• KGS/USD = 0.01118 0%
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  • KGS/USD = 0.01118 0%
  • KZT/USD = 0.00222 0%
  • TJS/USD = 0.09131 0%
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Tajikistan Extends Asset Legalization for Another Year

Since 2003 Tajikistan has been pursuing a policy of legalization, or declaration to tax and other authorities, of citizens' income and property. After Tajikistan's most recent attempts at legalization have been reassuring, parliament has extended the term of the monetary amnesty for one more year -- until January 5, 2025. Over the course of the policy that was set in motion by the law "on amnesty in connection with legalization of assets and money of citizens of the Republic of Tajikistan," the total amount of legalized, declared money amounted to $540m and 4,000 certificates of property. That data was cited by Firdavs Tolibzoda, chairman of the National Bank of Tajikistan. The authorities have extended the program several times, although it was originally designed to run for a year, and its efficacy means it's getting yet another extension. The law provides for voluntary declaration of money and property. Thus, holders are exempt from liability and can avoid paying taxes, fines and interest on those fees and penalties. These conditions, as well as maintaining secrecy of ownership information, are guaranteed by the state. This is not the first time that Tajikistan has conducted monetary amnesty drives: legalization in the country has already been attempted three times, but this is the first time that both property and finances can be legalized at the same time. According to the Global Organized Crime Index, Tajikistan remains the country with the highest risk of money laundering and terrorist financing in the world. Despite the fact that the country is battling these types of crimes, the shadow economy still operates at a high level in Central Asia's poorest country. Bringing assets and income into the legal or "white" economy out of the shadow economy is seen as an effective way to attract additional funds to the country's economy and to increase the growth financing of its industries. It's expected that the new funds will help to create additional jobs by creating new enterprises and increasing the capitalization of existing ones. Only money and property which were not previously listed in official declarations can be legalized. At the same time, the state allows legalization of illegal assets that fall under more than 60 articles of the criminal and administrative code of the republic.

Peace Following Kyrgyz-Tajik Clashes Allows Hydro Engineers to Visit Tajikistan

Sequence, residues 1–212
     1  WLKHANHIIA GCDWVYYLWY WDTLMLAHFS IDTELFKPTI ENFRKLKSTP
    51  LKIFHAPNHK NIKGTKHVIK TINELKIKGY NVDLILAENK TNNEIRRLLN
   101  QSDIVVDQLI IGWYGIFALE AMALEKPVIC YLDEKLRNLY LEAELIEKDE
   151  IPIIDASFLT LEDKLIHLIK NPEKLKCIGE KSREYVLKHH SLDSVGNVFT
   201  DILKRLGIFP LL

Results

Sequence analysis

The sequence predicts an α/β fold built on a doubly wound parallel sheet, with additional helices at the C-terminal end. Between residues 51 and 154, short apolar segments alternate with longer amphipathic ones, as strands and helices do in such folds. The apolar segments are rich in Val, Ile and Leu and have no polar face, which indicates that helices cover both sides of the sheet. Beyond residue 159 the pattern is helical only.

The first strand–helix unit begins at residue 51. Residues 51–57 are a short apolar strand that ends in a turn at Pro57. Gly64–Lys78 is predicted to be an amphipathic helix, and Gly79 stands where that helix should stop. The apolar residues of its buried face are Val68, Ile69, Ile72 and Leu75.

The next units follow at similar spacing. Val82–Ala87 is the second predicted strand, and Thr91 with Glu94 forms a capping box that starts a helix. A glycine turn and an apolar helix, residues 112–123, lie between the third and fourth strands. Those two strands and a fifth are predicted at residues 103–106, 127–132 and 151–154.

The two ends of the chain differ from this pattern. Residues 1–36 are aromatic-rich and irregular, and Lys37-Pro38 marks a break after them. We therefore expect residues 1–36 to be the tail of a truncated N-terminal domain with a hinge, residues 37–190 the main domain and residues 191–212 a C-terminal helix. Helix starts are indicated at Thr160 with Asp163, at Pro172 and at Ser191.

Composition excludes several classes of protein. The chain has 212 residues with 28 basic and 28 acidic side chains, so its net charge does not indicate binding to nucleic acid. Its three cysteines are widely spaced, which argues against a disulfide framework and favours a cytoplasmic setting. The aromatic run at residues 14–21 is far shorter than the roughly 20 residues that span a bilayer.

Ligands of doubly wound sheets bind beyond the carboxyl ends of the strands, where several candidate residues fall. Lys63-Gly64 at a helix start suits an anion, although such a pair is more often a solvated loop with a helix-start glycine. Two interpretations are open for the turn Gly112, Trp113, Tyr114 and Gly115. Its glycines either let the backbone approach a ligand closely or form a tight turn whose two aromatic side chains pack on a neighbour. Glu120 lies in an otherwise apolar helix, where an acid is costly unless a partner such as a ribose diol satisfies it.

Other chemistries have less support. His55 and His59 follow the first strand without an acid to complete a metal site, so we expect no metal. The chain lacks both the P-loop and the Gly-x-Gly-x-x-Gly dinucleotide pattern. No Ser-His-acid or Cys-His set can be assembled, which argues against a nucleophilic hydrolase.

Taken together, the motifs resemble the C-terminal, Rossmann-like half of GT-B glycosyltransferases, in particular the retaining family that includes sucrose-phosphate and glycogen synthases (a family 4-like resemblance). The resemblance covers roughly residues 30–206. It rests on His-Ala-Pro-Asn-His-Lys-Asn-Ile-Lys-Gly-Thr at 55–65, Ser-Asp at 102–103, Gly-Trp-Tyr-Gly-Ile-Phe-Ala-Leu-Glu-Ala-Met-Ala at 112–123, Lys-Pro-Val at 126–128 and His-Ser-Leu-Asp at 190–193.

For the first time since the start of armed clashes on the Kyrgyz-Tajik border, business cooperation between the two countries has begun to return. Kyrgyz Energy Minister Taalaibek Ibrayev and his delegation recently visited a pair of Tajikistan's energy facilities, the Rogun and Nurek hydroelectric power plants (HPP), according to the press service of the Kyrgyz Ministry of Energy. Tajikistan's Deputy Minister for Energy Halmukhamadzoda Sobron showed Kyrgyz colleagues how the Rogun HPP is being built, as well as some special underground facilities and tunnels under the plant. Sobron described problems faced by Tajik hydro construction workers when using construction equipment at the site, and detailed the integrated stage-by-stage approach to building the main structures of the hydropower plant. "More than 15,000 hydro construction workers are involved in the construction of the Rogun HPP, more than 300,000 machines and equipment are operated, and skillful planning allows dozens of contracting companies to work simultaneously," Tajik power engineers emphasized. The Kyrgyz side noted that the exchange of experience in the construction of such grandiose facilities will be useful in the construction of Kambar-Ata HPP-1 in Kyrgyzstan. During the three-day visit, Kyrgyz power engineers also visited plants responsible for the production of hydromechanical equipment and for  the production of electrical equipment. During the meetings it was emphasized that after the border issue is resolved, the sides are ready to cooperate with each other again on all issues. Kyrgyzstan and Tajikistan are usually connected by high-voltage power lines, which play an important role in the regular supply of electricity to local residents living in the border areas. However, these lines are now out of operation. The problem with the border between the two countries arose after the collapse of the USSR. Essentially both parties claimed land that's rich in water resources, as the issue of agricultural irrigation is very relevant in the arid region. More than 30 years have passed since then, and the parties still cannot agree on the disputed territories. Because of this, conflicts periodically arise between citizens of border villages -- as well as residents of enclaves and border guards of Kyrgyzstan and Tajikistan -- including with the use of heavy weaponry. The last such conflict took place in the Batken region of Kyrgyzstan and Sughd region of Tajikistan in September 2022 -- at which time there were hundreds of deaths on both sides and civilian infrastructure was destroyed. Since May 2021, transportation by land or air between the countries remains closed. Trade and all business contacts have been suspended. To date, the two countries have agreed to demarcate about 90% of the disputed territories. Rogun HPP is a hydroelectric power plant under construction on the Vakhsh River. It is the largest HPP in Central Asia. Construction of Rogun HPP began in the 1970s, but in the 1990s work was stopped due to the collapse of the Soviet Union and the outbreak of civil war in Tajikistan. Construction resumed only in 2010 with the support of the World Bank. The first...